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Ceausescu’s Son Denies Ordering Troops to Fire on Demonstrators

May 27, 1990

SIBIU, Romania (AP) _ The youngest son of executed dictator Nicolae Ceausescu insisted Saturday he never ordered the army and police to shoot at demonstrators during the bloody revolution that toppled his father.

Nicu Ceausescu, 39, appearing frail and tense, was flanked by two helmeted policemen as he testified on the first day of his nationally televised trial.

″I kept asking the security forces not to shoot at demonstrators,″ he said. He told the five-judge military court that the evidence did not support the chief charge against him, complicity in genocide.

Key prosecution witnesses were to be called Monday when the trial resumes.

Nicu Ceausescu was the regional Communist Party secretary in Sibiu, 155 miles northwest of Bucharest in southern Transylvania. The city was the scene of fierce fighting during December’s revolution.

While he steadfastly denied ordering troops to fire on demonstrators, Ceausescu admitted to a lesser charge, illegal possession of firearms and ammunition.

He also admitted he ordered the destruction of the Interior Ministry archive in Sibiu to prevent people from finding a list of informers for the Securitate, the hated secret police.

The trial, held in Sibiu’s cultural center, was expected to last several days. The building was ringed by half a dozen armored personnel carriers and about 40 soldiers in full combat gear.

During the 6 1/2 -hour court session, attended by about 200 spectators, Ceausescu testified that he had disagreed with his parents for at least two decades on economic and political issues.

Nicolae and Elena Ceausescu’s other two children - Valentin, 43, a nuclear physicist, and Zoia Elena, 37, a mathematician - have also been in custody awaiting trial, but no date has been announced.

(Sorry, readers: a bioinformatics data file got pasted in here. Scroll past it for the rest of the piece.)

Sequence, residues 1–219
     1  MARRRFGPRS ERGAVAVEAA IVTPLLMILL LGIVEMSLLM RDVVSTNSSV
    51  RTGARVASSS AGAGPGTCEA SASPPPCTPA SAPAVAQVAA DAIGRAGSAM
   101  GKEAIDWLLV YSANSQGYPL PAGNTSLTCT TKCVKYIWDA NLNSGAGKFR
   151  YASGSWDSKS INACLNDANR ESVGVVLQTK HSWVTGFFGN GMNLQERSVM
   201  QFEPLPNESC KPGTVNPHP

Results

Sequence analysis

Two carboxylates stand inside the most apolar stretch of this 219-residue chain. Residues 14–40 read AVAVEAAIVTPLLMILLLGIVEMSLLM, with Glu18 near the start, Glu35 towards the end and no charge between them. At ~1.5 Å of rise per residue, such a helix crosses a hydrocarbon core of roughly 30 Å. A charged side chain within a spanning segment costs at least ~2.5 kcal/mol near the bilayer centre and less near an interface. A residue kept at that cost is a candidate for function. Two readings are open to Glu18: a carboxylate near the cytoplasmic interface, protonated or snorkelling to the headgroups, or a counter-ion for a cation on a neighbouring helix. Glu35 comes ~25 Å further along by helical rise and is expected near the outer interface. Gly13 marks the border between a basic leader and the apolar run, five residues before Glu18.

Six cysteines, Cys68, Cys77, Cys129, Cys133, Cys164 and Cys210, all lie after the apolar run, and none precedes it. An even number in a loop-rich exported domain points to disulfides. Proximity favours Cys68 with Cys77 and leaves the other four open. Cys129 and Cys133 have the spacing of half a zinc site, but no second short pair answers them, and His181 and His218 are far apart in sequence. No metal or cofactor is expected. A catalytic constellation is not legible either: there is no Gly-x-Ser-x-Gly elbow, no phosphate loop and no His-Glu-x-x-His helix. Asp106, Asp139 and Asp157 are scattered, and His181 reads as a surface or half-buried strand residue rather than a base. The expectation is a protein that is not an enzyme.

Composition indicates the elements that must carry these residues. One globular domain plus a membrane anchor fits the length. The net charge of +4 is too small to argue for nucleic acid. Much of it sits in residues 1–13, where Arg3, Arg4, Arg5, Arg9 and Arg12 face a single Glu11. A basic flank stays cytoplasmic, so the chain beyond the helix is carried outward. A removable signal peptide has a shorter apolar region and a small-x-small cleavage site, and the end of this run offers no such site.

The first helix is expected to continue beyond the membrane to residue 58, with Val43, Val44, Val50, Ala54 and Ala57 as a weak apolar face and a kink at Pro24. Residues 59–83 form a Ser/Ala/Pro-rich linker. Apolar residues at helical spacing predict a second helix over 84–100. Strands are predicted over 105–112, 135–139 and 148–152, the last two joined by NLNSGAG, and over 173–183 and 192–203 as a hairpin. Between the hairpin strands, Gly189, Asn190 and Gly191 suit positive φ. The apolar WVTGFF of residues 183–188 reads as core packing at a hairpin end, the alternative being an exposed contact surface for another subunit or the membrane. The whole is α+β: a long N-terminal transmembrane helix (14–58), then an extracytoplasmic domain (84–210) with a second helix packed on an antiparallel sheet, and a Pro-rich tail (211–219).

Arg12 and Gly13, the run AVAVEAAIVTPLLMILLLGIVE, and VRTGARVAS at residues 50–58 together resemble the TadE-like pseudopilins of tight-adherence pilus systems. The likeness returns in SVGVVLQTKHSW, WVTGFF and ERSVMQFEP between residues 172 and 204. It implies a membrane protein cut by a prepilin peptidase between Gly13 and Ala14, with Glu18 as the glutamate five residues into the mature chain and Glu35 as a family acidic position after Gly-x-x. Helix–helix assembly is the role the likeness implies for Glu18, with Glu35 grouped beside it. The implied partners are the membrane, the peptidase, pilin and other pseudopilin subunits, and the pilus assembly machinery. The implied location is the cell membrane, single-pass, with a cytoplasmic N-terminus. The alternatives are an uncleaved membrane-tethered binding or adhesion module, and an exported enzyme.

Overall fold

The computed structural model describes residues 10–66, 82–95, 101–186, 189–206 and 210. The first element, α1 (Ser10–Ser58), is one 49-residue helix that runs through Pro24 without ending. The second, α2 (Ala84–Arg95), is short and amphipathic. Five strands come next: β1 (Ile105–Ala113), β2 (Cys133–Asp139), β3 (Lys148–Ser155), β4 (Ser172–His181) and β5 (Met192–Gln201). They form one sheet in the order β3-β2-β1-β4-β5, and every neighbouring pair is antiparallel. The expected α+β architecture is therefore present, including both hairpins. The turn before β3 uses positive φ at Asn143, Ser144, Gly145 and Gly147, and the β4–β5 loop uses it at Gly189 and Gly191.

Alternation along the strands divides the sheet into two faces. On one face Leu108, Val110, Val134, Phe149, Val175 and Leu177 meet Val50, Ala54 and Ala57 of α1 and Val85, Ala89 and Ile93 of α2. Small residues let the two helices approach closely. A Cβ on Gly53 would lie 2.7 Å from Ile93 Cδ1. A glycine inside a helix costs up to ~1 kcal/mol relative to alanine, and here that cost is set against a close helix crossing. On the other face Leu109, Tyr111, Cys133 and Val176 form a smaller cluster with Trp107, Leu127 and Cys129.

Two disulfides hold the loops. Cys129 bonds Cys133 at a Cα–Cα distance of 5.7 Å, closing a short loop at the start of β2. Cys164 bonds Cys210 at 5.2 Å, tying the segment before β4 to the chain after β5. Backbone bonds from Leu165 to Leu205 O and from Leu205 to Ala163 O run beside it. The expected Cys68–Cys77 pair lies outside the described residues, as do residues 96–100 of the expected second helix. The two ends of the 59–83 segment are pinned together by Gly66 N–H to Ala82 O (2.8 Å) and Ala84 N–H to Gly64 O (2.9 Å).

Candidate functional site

The trial provided glimpses of the lifestyle of the younger Ceausescu, who had a reputation as a playboy with a penchant for violence.

Although he lived in luxury by Romanian standards - he had a mansion with a garden and swimming pool - he apparently feared for his life. He told the court that all his meals were brought by plane from Bucharest and that he never tasted ″any food from local sources.″

Press reports after the revolution described the younger Ceausescu as a hated figure who had committed rapes and had killed at least one person while speeding recklessly in his car. He was also reported to have lost at least $1 million gambling.

For his court appearance Saturday, Nicu wore a salt-and-pepper blazer and an open-necked shirt, as well as sunglasses.

His attorney asked if Ceausescu could sit during the reading of the indictment because he was still recovering from a stab wound suffered after his arrest Dec. 22 near Bucharest, where he was a passenger in a car driven by his cabaret-singer mistress.

Nicu needed surgery and six days of hospitalization after the attack by an unidentified assailant, the court was told.

According to the indictment, the younger Ceausescu’s order to fire on demonstrators was made in a telephone conference call with local party leaders.

″From now on we are in a state of war, not ... a state of emergency,″ the prosecutor quoted him as saying in the Dec. 17 telephone call. He said Nicu ordered troops to battle stations and said: ″You will shoot without warning.″ Eighty-nine people were killed in fighting between the revolutionary forces and Ceausescu’s security troops in Sibiu, the indictment said.

More than 20 former police officers and local officials in Sibiu have been tried and sentenced for genocide and other serious crimes in recent months.

Ceausescu denied issuing shoot-to-kill orders even at the height of the revolution on Dec. 22, just hours before his parents fled Bucharest when the army decided to back the revolution.

Nicolae and Elena Ceausescu were arrested, convicted of genocide at a summary military trial and executed on Dec. 25.

Nicu Ceausescu testified that on the morning of Dec. 22, police and leaders of the local Securitate told him they were being shot at by demonstrators and asked him what to do. He said he told them to take their secret files, but ″don’t shoot at anybody.″

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